Aftershocks have continued to rock Lombok following the earthquake on August 5.
The death toll has risen to at least 347 on the island, which is home to hundreds of holiday resorts.
Is it safe to travel to Bali?
The Foreign and Commonwealth Office is warning people to only travel to the Gili Islands, off the north-west coast of Lombok, if it is essential.
A statement read: “There is a risk of aftershocks following the earthquake on Sunday, which could cause further damage to buildings and pose risks to safety.
“In the event of serious injury, access to immediate medical assistance on the islands is extremely limited. There also continue to be power outages and a lack of clean water.
“If you have remained on the islands and now wish to leave, contact the local Tourist Police on the islands for up-to-date information on departure options.”
Can tourism recover?
Tourism is a huge part of Lombok’s economy, according to the New York Times.
The island does not get the same numbers as next door neighbour Bali, however, the government has dubbed Lombok an emerging destination.
President Joko Widodo named 10 places around Indonesia’s islands to rival Bali for tourism, and the Mandalika development, in south Lombok was one of the places chosen.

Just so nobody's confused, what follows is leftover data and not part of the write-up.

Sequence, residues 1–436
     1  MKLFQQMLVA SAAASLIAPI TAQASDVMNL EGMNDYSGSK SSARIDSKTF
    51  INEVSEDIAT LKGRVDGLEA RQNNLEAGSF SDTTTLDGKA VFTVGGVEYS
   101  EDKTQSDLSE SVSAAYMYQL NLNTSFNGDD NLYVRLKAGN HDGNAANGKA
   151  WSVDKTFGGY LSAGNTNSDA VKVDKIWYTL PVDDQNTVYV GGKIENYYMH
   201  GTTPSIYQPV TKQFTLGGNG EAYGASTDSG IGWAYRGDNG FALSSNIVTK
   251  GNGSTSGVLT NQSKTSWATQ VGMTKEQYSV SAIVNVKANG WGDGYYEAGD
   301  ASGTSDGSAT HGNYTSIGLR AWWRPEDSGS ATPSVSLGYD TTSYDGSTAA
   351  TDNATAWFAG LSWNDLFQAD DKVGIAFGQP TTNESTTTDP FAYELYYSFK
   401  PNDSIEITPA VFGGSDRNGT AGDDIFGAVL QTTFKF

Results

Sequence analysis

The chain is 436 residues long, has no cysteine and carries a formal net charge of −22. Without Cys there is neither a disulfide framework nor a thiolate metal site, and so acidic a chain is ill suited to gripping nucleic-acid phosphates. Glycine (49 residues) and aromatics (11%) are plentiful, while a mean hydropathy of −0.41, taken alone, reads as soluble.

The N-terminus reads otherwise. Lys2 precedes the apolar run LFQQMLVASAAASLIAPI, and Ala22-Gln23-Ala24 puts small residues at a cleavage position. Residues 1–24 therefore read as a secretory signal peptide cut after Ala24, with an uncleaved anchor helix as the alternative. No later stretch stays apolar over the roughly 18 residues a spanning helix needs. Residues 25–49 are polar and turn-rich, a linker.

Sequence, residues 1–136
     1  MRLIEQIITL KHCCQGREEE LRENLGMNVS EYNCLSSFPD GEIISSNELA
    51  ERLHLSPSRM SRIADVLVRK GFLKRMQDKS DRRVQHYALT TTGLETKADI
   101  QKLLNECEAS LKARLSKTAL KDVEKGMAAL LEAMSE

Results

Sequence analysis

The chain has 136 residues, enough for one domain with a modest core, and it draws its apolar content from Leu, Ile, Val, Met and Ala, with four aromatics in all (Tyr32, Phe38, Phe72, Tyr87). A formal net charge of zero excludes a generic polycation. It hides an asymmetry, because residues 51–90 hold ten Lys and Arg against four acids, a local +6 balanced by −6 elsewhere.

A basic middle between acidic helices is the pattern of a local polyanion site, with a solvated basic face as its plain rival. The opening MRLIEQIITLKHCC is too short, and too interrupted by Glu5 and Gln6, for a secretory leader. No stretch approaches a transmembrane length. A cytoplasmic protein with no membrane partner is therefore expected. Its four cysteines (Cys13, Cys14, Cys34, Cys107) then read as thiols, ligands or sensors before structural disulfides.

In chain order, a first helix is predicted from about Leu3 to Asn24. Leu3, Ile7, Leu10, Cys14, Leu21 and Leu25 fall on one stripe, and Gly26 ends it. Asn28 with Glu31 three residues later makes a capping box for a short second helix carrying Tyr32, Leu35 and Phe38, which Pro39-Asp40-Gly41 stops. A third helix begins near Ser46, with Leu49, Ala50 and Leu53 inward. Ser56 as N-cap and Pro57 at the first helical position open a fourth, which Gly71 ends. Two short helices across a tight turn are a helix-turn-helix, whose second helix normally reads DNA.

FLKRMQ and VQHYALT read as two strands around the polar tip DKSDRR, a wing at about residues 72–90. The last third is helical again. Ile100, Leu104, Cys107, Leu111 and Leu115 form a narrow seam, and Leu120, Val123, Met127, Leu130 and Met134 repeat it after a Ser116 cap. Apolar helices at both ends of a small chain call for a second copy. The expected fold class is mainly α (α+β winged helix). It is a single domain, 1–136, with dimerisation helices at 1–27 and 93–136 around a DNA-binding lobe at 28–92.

However, there are fears the earthquake has put people off traveling to the island.
John Konstantinidis, general manager of Authentic Lombok, a tour operator based in the popular, west-coast beach area Senggigi, told the New York Times he has lost 50 percent of bookings over the past couple of weeks.
He said: “Travellers are panicking.
“A lot of people are also cancelling because their hotels are damaged.”
However, some toursim businesses in Lombok are continuing to trade as though nothing has happened.
Erik Barreto is a founder of Rascal Republic, which has hospitality projects around Indonesia, including Lombok.
He said: “There are people in affected areas that can’t get food and water. But we have a site in the south where we are building villas and a hotel called Samara Bay and there was no physical damage.
He added “Places usually fully recover in two to three years” after major natural disasters.